Recommendations

These 2 applications plus the official design guidelines cover all of the interactions with paned layout. The obvious troubles with this approach are 1) indicating the possibility of expanding & collapsing panes and 2) indicating the number of collapsed panes.

Given that such a layout isn't common on Android yet, creating a well-denoted hot zone or a toggling button on the left-most pane (for 2-pane layout) is better than just enabling an uncommon gesture.

Also, if any of the panes goes full-screen with others hidden, there needs to be a clear indicator of how many panes are hidden and which way the user should swipe or press to expose them.

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I like the 3 bars indicating draggable. –  Naoise Golden Jan 5 '12 at 11:39
    
I am doing pretty much what TweetPad is doing with my navigation, but the gesture detection is on the navigation rather than the main screen since it just makes room for whatever is on the right. And there are many different layouts. I agree that the problem is that there is no style guide and well established patterns and as such I will add a button that does the expand/collapse action. –  Manfred Moser Jan 5 '12 at 17:18
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Swiping left to right in Android is generally used for previous/next item (as in Google Reader or Calendar) or previous/next tab (as in the Android Market: http://www.pushing-pixels.org/2011/08/11/android-tips-and-tricks-swipey-tabs.html).

Note that, on tablets, this can work to only fill half the screen with content as when you swipe to the left to show sub-categories from the first genre (Apps, Games, Books, Music)you picked: Swipey tabs

The current Android pattern for expanding content is also found on the Market right now but it is the downward-pointing arrow that you'll see in app descriptions and the like: Expanding area

So if you are truly collapsing and expanding content, you may want to use the second design here, but if you want to swipe the navigation into view a la Market categories, you may want to implement "swipey tabs" so the menu is more discoverable to users.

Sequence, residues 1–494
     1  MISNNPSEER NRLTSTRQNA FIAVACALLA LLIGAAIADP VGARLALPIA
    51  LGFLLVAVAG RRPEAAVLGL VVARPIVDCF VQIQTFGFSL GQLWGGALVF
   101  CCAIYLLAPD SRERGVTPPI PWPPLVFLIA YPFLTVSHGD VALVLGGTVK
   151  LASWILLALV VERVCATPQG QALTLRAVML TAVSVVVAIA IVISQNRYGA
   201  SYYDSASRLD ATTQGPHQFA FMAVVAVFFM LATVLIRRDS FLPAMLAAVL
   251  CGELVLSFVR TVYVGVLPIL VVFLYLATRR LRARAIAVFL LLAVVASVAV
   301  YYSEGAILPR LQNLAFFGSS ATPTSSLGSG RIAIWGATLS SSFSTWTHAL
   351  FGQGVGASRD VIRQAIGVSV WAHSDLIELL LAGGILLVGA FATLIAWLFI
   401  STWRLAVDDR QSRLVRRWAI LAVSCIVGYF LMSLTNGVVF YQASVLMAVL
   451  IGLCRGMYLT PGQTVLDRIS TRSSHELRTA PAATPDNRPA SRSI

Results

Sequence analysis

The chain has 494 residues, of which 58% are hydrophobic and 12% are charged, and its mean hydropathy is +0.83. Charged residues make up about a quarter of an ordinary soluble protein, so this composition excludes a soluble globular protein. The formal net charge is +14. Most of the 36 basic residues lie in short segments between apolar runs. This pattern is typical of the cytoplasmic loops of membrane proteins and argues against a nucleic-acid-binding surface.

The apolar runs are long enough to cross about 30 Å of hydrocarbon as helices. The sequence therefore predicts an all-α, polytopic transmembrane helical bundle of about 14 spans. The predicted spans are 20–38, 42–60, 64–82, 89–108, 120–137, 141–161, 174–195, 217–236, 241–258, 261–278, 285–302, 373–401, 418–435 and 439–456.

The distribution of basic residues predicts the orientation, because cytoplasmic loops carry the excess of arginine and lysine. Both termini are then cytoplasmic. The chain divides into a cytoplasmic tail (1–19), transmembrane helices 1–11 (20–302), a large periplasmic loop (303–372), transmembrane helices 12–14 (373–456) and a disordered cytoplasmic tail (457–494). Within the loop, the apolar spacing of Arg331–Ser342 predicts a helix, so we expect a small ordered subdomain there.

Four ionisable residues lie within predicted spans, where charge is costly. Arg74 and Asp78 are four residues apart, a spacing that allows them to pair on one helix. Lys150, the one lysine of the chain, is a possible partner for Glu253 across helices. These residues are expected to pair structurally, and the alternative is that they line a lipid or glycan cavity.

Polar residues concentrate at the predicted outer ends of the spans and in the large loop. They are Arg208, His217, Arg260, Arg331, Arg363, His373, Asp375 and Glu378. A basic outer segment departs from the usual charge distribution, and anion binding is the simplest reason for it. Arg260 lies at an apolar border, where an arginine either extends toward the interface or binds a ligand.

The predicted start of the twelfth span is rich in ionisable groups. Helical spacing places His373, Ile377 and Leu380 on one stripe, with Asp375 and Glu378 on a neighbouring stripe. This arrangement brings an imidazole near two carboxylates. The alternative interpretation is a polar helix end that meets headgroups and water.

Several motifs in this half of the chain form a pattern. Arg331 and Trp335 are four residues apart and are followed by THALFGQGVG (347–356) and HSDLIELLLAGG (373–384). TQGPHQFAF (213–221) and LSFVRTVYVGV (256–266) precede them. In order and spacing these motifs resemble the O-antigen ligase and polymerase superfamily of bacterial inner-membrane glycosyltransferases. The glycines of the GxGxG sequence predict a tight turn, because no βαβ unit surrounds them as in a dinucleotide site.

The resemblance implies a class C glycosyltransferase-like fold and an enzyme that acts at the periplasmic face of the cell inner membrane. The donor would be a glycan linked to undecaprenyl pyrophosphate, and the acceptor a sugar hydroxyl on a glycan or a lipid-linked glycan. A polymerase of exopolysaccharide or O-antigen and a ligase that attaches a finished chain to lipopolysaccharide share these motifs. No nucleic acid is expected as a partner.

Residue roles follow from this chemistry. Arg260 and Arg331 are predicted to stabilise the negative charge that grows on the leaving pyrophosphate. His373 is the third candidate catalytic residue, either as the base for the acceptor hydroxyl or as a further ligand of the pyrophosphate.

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I am truly expanding and collapsing the menu and as such I will add a icon with an error sort of icon pointing left and right.. –  Manfred Moser Jan 5 '12 at 17:20
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A couple more examples of this pattern in touchscreen applications:

While on the iPad version the navigation sidebar is always visible, the Gmail app for iPhone reveals the left-hand side navigation by swiping the whole screen (see a screenshot and description). Notice how it also has a redundant Menu button for the same action.

[The app] slides your messages over to the right to reveal the Gmail menu hiding underneath. It’s pretty slick, and makes navigations between folders or subfolders quicker and more streamlined.

gmail app for iphone


Also, it is common to have one (or more) sides with outside-in dragging to reveal notifications or menu: iOS and Android top side for notifications, BBX bottom side for menu.

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How did you discover the slide-out side menu? –  dnbrv Jan 5 '12 at 13:08
    
I can't remember... I was discussing with a colleague this new trend of having the navigation concealed on the left (facebook also does it) and somehow I already knew. I think it's because of the affordance that being concealed gives. –  Naoise Golden Jan 5 '12 at 14:01
    
I want to encourage the users to discover it and all these patterns are too hidden imho. –  Manfred Moser Jan 5 '12 at 17:19
    
An option to educate your users are coach marks. –  Naoise Golden Jan 5 '12 at 17:58